Personality Correlates of Eating Disorder Symptomatology in a Nonclinical Sample of Female Undergraduates

Personality Correlates of Eating Disorder Symptomatology in a Nonclinical Sample of Female Undergraduates

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Date: May 2003
Creator: Baker, Kristine Genovese
Description: Research indicates the existence of an eating disorder continuum. The two-component model of disordered eating suggests that certain personality traits may increase an individual's vulnerability to develop more severe variants of disordered eating symptomatology. The present study investigates pre-clinical elevations on a measure of personality based on the Five-Factor Model (FFM) and pre-clinical elevations on a measure of eating disorder symptomatology in a sample of nonclinical undergraduates. The personality dimensions Neuroticism, Extraversion, and Agreeableness accounted for 7% of the variability in Body Dissatisfaction. Subcomponents comprising the personality dimensions of the FFM as determined by Saucier (1998) (see Appendix A) were analyzed. The Self-Reproach and Intellectual Interests subcomponents were the strongest predictors of Drive for Thinness and Body Dissatisfaction. The subcomponent Sociability was the strongest predictor of Bulimia. Findings present implications for prevention and treatment interventions. Longitudinal studies are needed to determine the temporal directionality of personality and disturbed eating.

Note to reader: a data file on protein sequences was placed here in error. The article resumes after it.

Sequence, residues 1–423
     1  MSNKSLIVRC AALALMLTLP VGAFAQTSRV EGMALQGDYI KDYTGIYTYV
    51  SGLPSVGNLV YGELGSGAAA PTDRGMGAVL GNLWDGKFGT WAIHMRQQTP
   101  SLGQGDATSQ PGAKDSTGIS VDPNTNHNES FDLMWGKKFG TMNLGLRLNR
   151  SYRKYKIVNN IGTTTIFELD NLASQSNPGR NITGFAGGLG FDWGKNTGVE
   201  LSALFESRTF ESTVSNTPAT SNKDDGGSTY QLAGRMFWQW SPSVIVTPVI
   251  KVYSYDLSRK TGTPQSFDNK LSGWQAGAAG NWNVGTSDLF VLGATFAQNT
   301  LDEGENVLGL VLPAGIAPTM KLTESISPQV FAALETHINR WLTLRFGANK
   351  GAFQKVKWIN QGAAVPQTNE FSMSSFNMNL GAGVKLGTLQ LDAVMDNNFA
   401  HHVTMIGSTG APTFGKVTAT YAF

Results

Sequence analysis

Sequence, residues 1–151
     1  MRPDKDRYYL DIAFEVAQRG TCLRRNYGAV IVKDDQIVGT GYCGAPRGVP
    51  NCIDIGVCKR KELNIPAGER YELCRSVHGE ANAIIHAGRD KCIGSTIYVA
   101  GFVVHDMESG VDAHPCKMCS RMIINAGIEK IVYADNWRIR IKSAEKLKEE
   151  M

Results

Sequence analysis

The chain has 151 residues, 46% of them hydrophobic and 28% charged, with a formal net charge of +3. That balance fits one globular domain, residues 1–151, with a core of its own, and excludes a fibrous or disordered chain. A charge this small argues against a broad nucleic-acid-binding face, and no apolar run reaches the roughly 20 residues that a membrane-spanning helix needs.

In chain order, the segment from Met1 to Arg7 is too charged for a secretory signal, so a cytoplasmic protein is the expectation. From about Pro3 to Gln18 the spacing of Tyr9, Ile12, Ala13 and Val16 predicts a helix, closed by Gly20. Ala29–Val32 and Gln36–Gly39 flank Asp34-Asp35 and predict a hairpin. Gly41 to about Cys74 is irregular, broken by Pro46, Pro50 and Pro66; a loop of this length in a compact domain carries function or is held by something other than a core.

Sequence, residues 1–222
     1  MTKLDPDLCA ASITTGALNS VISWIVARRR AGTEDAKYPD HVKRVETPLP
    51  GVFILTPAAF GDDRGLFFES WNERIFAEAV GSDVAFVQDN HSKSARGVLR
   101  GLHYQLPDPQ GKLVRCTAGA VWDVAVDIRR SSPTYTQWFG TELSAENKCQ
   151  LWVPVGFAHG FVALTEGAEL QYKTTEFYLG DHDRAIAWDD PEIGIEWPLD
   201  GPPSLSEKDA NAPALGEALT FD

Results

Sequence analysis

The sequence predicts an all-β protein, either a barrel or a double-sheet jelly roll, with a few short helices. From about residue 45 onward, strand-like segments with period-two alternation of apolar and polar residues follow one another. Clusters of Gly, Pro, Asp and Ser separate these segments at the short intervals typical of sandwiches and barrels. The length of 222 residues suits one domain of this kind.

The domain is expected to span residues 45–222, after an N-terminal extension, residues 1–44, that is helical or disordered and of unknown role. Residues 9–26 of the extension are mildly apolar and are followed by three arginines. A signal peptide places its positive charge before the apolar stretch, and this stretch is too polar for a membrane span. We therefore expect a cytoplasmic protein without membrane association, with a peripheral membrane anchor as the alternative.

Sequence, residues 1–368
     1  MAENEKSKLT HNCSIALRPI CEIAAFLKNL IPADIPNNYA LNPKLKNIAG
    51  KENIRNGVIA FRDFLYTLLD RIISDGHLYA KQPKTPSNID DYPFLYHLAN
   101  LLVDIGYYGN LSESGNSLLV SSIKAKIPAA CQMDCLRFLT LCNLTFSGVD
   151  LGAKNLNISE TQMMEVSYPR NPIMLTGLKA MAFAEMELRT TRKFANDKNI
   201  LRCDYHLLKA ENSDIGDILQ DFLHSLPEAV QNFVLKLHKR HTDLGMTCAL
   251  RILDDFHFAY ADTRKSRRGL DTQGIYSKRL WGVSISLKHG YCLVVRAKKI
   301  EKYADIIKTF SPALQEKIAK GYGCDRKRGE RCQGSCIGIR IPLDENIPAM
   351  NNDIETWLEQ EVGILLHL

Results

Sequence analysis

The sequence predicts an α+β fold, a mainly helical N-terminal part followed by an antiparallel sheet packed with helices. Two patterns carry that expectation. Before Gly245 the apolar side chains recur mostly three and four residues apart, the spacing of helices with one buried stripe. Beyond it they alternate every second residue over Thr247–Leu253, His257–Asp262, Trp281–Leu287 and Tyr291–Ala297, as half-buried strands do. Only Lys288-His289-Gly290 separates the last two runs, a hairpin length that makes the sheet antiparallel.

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Psychological correlates of eating disorders:  Exploring the continuum perspective.

Psychological correlates of eating disorders: Exploring the continuum perspective.

Date: August 2002
Creator: Cohen, Diane L.